Fighting Mental Stress at Work: The New Vogue

The workplace wellness trend is gathering pace at a time when businesses generally are looking to cut costs, so you could be excused for wondering why.

 

American businesses are forecast to spend approximately 15% more per employee on wellness programmes this year than last. Primary focus is leaning towards massages, gym memberships, nutrition advice and therapy, meditation and mindfulness, and financial rewards for maintaining an active lifestyle.

 

But, why now?

As work becomes increasingly cerebral, dynamic, and less secure, we are discovering a new stress. This is an unavoidable impact of the friction-free economy. 50 years ago economists predicted that today’s average worker would be more productive than ever, despite having tiny stress levels and huge holiday allowances as we as a society embraced the technological revolution.

 

Life, of course, has not exactly worked out that way for most of us. Even when we do get holiday time, the amount of it we actually spend relaxing is minimal (see our other blog article: How Much Time Do You Really Spend Relaxing).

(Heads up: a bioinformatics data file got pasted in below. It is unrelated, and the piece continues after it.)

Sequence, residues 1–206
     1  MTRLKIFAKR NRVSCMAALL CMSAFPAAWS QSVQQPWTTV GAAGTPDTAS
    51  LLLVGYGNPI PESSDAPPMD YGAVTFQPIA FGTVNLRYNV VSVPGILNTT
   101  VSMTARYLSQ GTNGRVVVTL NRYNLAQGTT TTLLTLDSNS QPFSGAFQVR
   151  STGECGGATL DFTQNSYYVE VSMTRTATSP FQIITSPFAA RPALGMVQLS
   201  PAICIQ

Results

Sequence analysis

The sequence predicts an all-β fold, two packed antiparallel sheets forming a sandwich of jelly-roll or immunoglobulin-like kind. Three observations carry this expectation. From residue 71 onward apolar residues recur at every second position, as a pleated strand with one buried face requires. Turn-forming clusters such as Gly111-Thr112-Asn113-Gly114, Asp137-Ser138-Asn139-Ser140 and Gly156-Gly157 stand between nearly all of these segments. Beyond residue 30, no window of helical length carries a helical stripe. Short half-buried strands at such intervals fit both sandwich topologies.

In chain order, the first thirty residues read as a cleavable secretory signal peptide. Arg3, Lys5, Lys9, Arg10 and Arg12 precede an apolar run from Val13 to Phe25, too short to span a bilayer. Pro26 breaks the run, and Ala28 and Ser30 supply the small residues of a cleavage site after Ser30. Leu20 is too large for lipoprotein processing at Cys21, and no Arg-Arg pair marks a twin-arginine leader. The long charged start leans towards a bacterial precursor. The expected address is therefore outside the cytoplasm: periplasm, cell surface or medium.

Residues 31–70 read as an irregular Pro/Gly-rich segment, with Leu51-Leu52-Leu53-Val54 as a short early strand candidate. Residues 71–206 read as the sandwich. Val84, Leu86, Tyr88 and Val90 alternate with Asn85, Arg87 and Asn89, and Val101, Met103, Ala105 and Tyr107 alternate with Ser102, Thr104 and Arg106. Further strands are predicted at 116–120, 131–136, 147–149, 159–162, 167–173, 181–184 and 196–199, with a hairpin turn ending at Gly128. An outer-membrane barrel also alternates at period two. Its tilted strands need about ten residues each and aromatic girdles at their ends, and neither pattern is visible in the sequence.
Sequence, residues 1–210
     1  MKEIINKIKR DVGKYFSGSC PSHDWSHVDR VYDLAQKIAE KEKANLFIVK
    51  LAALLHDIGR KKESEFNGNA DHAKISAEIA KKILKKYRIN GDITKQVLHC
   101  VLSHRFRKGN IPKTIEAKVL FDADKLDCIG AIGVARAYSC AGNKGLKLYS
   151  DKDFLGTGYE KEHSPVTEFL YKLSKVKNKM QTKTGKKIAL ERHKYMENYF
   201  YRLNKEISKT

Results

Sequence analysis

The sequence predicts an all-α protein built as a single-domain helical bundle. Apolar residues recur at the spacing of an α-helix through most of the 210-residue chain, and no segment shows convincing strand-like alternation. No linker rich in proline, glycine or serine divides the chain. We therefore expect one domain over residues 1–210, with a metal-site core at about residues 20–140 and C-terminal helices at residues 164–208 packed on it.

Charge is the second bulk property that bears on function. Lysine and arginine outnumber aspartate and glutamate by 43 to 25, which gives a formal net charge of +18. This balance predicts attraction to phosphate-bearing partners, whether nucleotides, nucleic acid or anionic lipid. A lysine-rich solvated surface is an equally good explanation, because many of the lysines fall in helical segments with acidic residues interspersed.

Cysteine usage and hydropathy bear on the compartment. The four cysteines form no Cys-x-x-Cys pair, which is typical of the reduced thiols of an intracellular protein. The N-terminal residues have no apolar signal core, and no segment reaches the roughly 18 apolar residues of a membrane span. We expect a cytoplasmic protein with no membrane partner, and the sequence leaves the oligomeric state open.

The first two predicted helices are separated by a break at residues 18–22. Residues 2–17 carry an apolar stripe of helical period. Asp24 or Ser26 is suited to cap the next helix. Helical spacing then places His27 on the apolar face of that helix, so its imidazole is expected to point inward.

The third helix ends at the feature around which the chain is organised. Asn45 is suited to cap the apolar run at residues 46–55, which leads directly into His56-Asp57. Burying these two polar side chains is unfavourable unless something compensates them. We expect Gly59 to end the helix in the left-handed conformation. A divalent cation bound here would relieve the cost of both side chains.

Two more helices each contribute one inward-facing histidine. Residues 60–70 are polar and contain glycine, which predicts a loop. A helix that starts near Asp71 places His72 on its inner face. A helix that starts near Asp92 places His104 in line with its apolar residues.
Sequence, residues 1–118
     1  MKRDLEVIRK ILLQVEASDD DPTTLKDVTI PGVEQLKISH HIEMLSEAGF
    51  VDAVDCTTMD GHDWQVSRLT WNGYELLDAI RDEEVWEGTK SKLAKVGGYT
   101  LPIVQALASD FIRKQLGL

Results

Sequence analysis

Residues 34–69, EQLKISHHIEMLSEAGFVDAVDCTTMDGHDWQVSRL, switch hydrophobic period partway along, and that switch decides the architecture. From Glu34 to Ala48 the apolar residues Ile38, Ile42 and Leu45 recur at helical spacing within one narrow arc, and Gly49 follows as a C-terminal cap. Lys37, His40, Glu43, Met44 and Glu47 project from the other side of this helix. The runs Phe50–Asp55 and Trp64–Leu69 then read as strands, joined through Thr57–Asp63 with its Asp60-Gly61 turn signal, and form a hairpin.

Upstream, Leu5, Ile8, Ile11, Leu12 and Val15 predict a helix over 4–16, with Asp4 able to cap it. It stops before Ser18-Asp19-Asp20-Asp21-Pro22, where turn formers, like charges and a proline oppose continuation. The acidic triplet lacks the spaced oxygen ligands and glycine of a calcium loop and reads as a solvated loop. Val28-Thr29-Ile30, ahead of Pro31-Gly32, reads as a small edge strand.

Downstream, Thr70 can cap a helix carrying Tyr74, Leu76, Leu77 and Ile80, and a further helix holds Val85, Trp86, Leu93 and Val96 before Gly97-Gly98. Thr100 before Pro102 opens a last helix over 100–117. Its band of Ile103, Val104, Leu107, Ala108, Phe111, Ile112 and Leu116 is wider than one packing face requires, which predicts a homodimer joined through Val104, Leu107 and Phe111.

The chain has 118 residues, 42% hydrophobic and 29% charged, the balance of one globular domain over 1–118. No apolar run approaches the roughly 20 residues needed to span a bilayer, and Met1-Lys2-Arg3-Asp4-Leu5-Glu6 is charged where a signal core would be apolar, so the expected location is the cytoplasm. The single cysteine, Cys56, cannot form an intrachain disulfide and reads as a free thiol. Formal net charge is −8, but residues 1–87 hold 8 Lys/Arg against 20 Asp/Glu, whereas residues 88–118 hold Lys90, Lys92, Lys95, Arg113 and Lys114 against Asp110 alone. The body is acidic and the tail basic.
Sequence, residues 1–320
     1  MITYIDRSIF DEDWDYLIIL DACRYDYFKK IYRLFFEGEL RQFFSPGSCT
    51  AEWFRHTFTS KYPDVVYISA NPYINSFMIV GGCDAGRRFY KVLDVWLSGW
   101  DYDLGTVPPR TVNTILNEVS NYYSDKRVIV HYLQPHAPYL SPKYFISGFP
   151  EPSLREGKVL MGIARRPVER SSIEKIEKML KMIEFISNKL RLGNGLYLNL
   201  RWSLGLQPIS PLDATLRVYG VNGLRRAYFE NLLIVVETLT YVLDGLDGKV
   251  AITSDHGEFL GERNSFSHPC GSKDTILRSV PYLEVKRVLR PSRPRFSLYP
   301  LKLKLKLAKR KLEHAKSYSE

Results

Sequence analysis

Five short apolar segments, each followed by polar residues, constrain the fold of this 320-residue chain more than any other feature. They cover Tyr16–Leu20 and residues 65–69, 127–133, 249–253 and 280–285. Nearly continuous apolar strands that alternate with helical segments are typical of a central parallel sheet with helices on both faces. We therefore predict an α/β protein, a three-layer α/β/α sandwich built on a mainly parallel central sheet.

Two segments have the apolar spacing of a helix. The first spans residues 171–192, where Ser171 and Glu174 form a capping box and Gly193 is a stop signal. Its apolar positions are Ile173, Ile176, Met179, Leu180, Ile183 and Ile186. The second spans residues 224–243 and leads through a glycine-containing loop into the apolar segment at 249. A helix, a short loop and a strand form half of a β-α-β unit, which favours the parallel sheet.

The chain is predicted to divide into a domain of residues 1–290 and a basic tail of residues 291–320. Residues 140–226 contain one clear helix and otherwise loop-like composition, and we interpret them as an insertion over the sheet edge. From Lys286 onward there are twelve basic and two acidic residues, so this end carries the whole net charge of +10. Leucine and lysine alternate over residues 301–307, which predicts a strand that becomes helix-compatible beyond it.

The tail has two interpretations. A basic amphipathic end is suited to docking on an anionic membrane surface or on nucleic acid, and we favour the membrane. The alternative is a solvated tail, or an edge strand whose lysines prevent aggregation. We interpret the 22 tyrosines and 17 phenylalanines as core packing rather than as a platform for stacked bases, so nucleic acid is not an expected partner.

Less and less credibility is being afforded to government statistics. However, what is certain is the rise in stress-related complaints experienced by the health sector – to the extent that the WHO has labelled workplace stress as a modern “epidemic”.

 

A study of US workers by the Cleveland Clinic found the primary causes of workplace stress to be the following:

  • Workload (41%)
  • Colleagues (32%)
  • Poor Work-Life Balance (18%)
  • Job Insecurity (9%)

 

Interesting reading if you are leading a team.

 

Our advice?

Make sure you take all your holiday allowance, and encourage your team do the same. Remove the expectation for people to be across email whilst on leave. Introduce a wellness programme (if you’re struggling, perhaps ZenDays can help). And remember the old adage: “if you don’t have the time for 30 mins of meditation per day, then you probably need an hour”.

 

Modern society has slowly been replacing the physical stressors of work with mental and emotional stressors at a relentless pace for years now. However, the signs are that society is now waking up to this fact and starting to fight back. As our workplaces become more and more enlightened, mental and emotional wellbeing is the new cool.